# Let vs. Where

### From HaskellWiki

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− | Haskell programmers often wonder, whether to use <hask>let</hask> or <hask>where</hask>. |
+ | Haskell programmers often wonder whether to use <hask>let</hask> or <hask>where</hask>. |

− | This seems to be only a matter of taste in the sense of "[[Declaration vs. expression_style]]", |
+ | This seems to be only a matter of taste in the sense of "[[Declaration vs. expression style]]", however there is more to it. |

− | however there is more about it. |
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− | It is important to know that <hask>let ... in ...</hask> is an expression, |
+ | It is important to know that <hask>let ... in ...</hask> is an expression, that is, it can be written wherever expressions are allowed. In contrast, <hask>where</hask> is bound to a surrounding syntactic construct, like the [[pattern matching]] line of a function definition. |

− | that is, it can be written whereever expressions are allowed. |
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− | In contrast to that, <hask>where</hask> is bound to a surrounding syntactic construct, |
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− | like the [[pattern matching]] line of a function definition. |
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== Advantages of let == |
== Advantages of let == |
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− | Consider you have the function |
+ | Suppose you have the function |

<haskell> |
<haskell> |
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f :: s -> (a,s) |
f :: s -> (a,s) |
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</haskell> |
</haskell> |
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− | In expression style, you might instead use a [[Case|functional equivalent]] of <hask>case</hask> |
+ | In expression style, you might use an explicit <hask>case</hask>: |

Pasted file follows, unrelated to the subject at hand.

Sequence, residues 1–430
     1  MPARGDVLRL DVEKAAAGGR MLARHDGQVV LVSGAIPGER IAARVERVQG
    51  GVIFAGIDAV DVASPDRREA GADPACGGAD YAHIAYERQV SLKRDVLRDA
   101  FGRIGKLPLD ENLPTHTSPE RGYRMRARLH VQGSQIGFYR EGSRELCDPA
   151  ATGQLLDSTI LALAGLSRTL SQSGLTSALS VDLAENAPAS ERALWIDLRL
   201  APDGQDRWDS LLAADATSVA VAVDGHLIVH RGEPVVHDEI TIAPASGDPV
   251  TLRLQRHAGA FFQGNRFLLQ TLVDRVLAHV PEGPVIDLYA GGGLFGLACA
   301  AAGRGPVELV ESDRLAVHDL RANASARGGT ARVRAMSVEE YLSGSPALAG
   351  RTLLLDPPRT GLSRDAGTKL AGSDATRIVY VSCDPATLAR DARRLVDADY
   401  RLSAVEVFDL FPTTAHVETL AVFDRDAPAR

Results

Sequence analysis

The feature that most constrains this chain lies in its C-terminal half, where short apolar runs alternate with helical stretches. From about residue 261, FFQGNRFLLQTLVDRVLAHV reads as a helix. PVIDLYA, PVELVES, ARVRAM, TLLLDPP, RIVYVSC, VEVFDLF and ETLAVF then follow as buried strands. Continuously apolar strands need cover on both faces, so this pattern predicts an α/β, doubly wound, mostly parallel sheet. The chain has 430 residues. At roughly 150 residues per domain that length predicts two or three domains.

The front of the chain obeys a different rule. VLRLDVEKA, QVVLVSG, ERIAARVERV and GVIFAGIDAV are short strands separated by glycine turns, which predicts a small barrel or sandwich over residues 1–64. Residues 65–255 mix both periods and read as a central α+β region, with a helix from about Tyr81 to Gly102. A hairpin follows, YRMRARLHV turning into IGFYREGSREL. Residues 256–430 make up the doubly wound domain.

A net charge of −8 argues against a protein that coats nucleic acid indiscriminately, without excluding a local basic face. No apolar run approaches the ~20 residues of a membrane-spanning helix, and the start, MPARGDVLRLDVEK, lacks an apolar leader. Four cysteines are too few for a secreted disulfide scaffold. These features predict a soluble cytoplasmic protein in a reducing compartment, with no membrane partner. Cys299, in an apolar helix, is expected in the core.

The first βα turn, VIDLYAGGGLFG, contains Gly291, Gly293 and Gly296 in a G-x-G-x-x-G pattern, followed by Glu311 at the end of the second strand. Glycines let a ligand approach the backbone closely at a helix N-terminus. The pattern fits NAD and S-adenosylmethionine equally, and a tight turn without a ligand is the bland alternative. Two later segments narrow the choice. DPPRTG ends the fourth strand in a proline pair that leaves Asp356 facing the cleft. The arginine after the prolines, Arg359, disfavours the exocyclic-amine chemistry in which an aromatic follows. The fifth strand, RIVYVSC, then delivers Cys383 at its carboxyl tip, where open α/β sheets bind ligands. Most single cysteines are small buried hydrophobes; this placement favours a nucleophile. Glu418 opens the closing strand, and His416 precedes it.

− | in order to represent the guards: |
+ | |

+ | <haskell> |
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+ | f x |
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+ | = let a = w x |
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+ | in case () of |
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+ | _ | cond1 x -> a |
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+ | | cond2 x -> g a |
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+ | | otherwise -> f (h x a) |
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+ | </haskell> |
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+ | |||

+ | or a [[Case|functional equivalent]]: |
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+ | |||

<haskell> |
<haskell> |
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f x = |
f x = |
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</haskell> |
</haskell> |
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− | Without such a function it looks worse. You would lose the guard structure, |
+ | or a series of if-then-else expressions: |

− | and the heavier lexemes arguably make the resulting function harder to read: |
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<haskell> |
<haskell> |
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else f (h x a) |
else f (h x a) |
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</haskell> |
</haskell> |